Tim Tebow is keeping the faith.
The Mets’ 33-year-old minor leaguer hasn’t played a game in more than a year, but recently told MLB.com he is still training for a return to spring training in February.
“It’s not something that I want to do forever … because there’s a lot of other things that are in my heart that I want to pursue,” Tebow told the website. “But it is something that is still in my heart today.”
Tebow did not play at all this year after COVID-19 wiped out the minor-league season and he was not part of the Mets’ 60-man player pool. He last took the field in July of 2019 with Triple-A Syracuse, but his season was cut short for a second straight year by a hand injury.
In his three seasons in the minor leagues, the former Jets quarterback and Heisman Trophy winner hit .223 with a .638 OPS while playing almost all of his games in left field.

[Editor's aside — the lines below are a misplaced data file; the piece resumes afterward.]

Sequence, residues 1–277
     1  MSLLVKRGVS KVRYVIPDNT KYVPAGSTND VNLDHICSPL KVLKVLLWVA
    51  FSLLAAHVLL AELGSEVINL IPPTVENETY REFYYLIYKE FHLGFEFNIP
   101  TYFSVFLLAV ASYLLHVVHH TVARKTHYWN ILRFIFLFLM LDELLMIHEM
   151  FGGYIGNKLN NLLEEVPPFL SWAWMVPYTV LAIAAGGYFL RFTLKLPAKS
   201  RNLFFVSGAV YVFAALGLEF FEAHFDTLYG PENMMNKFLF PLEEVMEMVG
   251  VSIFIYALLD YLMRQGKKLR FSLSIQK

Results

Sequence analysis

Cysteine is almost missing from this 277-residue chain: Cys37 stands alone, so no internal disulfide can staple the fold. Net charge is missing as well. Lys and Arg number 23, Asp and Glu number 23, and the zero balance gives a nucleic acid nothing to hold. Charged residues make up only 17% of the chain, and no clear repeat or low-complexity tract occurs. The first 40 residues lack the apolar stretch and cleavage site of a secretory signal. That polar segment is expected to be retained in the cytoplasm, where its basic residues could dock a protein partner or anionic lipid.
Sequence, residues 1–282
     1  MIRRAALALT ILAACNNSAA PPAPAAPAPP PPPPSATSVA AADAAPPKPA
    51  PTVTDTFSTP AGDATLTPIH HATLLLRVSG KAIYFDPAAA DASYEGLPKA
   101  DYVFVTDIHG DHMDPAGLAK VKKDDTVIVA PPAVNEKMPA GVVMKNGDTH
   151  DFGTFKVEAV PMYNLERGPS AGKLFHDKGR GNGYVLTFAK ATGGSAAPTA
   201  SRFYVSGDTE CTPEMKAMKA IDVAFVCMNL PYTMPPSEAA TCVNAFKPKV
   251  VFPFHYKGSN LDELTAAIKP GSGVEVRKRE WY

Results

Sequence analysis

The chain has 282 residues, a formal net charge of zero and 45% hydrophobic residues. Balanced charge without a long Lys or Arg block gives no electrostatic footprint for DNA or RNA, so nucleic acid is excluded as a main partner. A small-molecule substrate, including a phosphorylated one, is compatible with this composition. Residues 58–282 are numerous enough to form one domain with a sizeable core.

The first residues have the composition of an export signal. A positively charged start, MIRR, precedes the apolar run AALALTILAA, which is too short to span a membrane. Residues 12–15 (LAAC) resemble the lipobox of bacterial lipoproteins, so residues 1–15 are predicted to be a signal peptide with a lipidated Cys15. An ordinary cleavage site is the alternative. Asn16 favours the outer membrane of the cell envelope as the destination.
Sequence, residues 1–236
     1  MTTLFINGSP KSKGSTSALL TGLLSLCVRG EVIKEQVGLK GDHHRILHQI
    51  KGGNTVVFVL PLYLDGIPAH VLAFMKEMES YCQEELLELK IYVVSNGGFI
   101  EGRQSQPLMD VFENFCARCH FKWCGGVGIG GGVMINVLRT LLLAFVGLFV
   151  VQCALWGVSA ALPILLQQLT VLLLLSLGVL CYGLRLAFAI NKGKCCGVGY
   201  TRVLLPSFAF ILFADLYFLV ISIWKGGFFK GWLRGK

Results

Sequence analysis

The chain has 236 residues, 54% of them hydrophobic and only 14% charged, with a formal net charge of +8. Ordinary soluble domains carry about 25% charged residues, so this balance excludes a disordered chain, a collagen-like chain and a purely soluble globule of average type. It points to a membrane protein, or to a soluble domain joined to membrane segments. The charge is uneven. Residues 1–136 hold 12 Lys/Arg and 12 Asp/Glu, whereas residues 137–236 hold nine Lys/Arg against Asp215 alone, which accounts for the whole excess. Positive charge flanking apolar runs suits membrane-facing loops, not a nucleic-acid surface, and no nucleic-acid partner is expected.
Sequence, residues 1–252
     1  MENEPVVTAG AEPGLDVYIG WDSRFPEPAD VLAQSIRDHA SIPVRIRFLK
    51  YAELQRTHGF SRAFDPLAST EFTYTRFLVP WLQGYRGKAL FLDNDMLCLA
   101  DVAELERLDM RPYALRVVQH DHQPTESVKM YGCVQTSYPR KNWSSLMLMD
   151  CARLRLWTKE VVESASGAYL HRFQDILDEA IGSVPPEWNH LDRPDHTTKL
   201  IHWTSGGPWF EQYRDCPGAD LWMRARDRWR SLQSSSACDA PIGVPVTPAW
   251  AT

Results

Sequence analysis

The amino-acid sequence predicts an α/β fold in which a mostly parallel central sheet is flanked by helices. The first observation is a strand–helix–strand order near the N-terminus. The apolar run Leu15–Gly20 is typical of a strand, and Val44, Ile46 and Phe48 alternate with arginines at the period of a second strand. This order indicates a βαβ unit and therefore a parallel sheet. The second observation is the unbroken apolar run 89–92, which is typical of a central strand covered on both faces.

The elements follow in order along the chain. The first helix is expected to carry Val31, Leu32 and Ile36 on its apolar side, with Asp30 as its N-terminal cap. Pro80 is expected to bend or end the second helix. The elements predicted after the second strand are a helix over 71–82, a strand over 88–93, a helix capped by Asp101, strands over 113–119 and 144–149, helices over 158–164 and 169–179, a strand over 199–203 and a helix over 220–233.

“I’m already behind the 8-ball in age and time and experience in all of these things, so of course it makes it harder,” Tebow said. “But I think at the same time, I try to learn from every bit of it. And that’s all that we can do.”
While Tebow’s former agent, Brodie Van Wagenen, is no longer the Mets’ general manager, the man who originally gave him a chance in baseball is back. New president Sandy Alderson was the general manager when the Mets signed Tebow in 2016.
By 2017, Alderson admitted that signing Tebow was “partly because this is an entertainment business.” But the following spring training, with Tebow invited to major league camp, Alderson boldly predicted that the outfielder “will play in the major leagues.”
Tebow went on to have his best year in 2018 with Double-A Binghamton, when he hit .273 with a .734 OPS during an All-Star season, but he’s still trying to get back to that level of play.
“There have definitely been some setbacks with it from two years ago when I was having what I thought was my best season,” Tebow said. “Definitely disappointing this year with COVID, but … I’m such a believer that in some areas of my life, every setback has been an opportunity for a setup for something different and unique that I have planned. All these have been pieces of setbacks, but I think I’ve also learned from them, adapted and grown.”
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